We’ve lived in our house over 45 years and there has always been one mockingbird that visits. Usually, they have nested in thick bushes in our neighbor’s yard and stop by our place only for a sip of water or when the blueberries and blackberries ripen. I feed all my other birds, but I’ve never been able to draw the local mockingbirds to my feeders, until a few weeks ago.
I wrote recently about a product named Peanut Log that I have been hanging instead of suet. The catbirds go nuts over it and it also attracts red-bellied woodpeckers, downy woodpeckers, nuthatches, blue jays, titmice, chickadees and – yes – mockingbirds. They come and settle on a nearby branch, wait their turn, then swoop in, land on the free dangling Peanut Bar, peck away and fly off. I am delighted that I have finally found something to draw in these interesting birds with amazing songs. Occasionally, I’ll be in the yard, hear a mockingbird belting out a tune and simply stop and listen.
Mockingbirds hang in the neighborhood year round. They are attracted to open areas with hedges, fruiting bushes and thickets. They are supreme bug-eaters. A favorite tactic is to fly in, raise their wings and stir an insect into movement. Then, bingo, mockingbird food. During the summer, a mockingbird’s diet consists of beetles, earthworms, moths, butterflies, ants, bees, wasps, grasshoppers, and sometimes even small lizards. In the winter, they seek out fruits and berries.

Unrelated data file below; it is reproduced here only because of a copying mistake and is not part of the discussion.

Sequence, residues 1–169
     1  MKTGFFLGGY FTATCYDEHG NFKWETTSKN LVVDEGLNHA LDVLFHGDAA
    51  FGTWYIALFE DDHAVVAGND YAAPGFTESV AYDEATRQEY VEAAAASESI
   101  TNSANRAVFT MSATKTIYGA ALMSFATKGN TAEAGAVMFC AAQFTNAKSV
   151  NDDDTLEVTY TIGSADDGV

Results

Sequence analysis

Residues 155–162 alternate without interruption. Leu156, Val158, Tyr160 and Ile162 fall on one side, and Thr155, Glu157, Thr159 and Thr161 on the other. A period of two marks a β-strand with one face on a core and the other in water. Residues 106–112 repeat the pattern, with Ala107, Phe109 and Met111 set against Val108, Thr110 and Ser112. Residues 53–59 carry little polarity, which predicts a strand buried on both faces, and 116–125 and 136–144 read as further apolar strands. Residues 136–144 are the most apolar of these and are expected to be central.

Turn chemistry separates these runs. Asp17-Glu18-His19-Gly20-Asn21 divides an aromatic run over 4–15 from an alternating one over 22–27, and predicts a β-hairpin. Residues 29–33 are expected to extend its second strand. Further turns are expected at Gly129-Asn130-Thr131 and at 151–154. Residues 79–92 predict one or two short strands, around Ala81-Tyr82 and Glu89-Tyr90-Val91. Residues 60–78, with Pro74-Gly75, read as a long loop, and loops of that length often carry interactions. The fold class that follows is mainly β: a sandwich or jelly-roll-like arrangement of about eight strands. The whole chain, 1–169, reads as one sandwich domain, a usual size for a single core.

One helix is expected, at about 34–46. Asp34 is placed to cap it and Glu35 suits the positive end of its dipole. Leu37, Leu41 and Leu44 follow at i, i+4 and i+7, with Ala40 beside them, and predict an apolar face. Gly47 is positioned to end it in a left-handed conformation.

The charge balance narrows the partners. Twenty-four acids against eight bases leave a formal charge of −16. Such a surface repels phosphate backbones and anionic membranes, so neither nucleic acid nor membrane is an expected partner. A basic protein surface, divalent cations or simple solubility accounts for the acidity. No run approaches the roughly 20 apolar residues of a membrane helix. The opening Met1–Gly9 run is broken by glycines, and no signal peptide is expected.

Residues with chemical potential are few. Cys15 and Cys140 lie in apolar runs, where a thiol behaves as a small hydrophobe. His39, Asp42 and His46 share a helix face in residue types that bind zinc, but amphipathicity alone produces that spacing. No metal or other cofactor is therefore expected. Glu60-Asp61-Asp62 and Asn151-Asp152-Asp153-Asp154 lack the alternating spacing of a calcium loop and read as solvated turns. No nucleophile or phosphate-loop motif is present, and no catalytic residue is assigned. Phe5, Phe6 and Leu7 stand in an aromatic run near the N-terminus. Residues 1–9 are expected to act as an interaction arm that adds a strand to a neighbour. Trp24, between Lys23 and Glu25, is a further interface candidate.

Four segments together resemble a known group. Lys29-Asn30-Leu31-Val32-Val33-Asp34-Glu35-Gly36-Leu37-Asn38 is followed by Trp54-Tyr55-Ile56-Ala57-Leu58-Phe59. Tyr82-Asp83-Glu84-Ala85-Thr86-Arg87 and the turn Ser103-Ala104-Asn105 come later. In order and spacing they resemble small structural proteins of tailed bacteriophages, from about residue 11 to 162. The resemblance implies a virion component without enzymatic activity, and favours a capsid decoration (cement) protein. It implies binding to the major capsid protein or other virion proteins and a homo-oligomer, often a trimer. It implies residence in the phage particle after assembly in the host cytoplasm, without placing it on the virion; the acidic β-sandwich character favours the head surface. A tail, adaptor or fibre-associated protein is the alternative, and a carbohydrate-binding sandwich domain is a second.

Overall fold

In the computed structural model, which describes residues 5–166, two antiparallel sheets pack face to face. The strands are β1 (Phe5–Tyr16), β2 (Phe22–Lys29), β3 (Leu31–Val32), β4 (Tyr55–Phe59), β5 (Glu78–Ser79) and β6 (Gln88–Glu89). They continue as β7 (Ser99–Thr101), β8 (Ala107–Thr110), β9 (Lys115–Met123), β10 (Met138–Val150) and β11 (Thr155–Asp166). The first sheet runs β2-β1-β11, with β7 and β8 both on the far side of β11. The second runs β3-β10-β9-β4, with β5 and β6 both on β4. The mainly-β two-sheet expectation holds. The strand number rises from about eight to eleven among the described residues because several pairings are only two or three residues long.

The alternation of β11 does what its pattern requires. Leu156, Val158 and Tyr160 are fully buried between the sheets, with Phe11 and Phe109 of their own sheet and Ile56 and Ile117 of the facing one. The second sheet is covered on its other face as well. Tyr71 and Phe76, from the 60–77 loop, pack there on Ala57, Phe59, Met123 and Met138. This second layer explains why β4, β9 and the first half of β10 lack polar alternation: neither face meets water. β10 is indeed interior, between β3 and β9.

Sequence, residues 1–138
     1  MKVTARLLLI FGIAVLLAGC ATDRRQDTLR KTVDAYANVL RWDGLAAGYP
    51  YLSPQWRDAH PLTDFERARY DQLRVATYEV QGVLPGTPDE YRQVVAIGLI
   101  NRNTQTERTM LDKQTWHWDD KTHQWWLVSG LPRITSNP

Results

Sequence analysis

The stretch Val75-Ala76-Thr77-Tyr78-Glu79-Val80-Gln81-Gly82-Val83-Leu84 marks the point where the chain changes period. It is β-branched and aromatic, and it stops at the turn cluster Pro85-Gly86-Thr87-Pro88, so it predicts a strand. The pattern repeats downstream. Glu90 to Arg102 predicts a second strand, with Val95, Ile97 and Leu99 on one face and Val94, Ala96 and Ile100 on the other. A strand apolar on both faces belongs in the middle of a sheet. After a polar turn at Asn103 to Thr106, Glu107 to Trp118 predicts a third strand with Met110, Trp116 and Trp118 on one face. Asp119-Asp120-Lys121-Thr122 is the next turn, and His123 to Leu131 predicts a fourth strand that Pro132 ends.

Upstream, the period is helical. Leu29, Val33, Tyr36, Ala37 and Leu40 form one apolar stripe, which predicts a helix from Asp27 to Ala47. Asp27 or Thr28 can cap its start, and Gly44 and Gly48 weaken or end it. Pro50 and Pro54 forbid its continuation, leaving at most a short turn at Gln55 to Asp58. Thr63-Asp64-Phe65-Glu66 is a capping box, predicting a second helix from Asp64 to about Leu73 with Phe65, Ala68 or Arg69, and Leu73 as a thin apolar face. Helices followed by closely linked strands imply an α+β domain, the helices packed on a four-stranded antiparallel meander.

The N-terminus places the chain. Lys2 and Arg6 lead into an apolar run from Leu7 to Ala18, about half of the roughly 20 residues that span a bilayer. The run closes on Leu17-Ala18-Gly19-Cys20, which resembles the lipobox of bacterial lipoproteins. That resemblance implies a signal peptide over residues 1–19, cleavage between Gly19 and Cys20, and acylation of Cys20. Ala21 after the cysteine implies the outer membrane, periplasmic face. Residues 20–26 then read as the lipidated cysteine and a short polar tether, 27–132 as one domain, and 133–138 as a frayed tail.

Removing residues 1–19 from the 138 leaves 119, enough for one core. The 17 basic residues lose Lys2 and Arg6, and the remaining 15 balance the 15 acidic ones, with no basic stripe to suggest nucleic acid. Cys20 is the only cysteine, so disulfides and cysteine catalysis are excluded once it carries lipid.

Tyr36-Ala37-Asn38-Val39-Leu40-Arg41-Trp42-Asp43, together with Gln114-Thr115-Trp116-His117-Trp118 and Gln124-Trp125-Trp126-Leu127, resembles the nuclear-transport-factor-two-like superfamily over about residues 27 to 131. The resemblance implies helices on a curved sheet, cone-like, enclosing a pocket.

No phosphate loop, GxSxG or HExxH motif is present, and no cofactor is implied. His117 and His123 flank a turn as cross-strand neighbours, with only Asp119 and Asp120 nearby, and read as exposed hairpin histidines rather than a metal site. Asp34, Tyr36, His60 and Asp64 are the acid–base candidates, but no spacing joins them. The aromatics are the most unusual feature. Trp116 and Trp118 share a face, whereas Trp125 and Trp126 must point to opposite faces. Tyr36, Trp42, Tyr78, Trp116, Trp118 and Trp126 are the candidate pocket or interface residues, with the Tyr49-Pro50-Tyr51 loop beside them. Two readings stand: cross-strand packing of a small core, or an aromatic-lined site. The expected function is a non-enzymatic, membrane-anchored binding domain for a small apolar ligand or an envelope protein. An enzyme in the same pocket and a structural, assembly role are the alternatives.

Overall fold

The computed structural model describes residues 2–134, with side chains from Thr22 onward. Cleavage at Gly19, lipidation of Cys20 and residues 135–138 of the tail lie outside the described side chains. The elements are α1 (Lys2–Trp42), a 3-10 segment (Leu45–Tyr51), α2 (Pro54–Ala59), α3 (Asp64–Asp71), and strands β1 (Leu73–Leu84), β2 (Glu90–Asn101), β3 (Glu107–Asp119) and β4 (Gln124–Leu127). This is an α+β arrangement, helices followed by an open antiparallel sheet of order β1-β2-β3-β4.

According to the Audubon Society, Northern Mockingbirds are found alone or in pairs throughout the year. They make themselves easily visible, sitting and singing atop shrubs, trees, utility lines, fences, and poles. On the ground they walk, run, and hop along the ground, tail cocked upwards, grabbing at prey on the ground or snatching insects just over the grass. Mockingbirds sometimes fly up and hover to grab at hanging fruit. The Northern Mockingbird is aggressive throughout the year. Females typically fend off other female mockingbirds, while males confront male intruders. Males disputing territory boundaries fly toward each other, land near the boundary, and face off, silently hopping from one side to another. Eventually, one bird retreats and the other chases it a short ways. If neither bird retreats, they may fly at each other, grappling with wings and claws and pecking at each other. Mockingbirds are also territorial around other bird species as well as dogs and cats.
Next time you’re in Wal-Mart pick up a couple of these Peanut Logs and attract tons of our fine feathered friends and especially mockingbirds.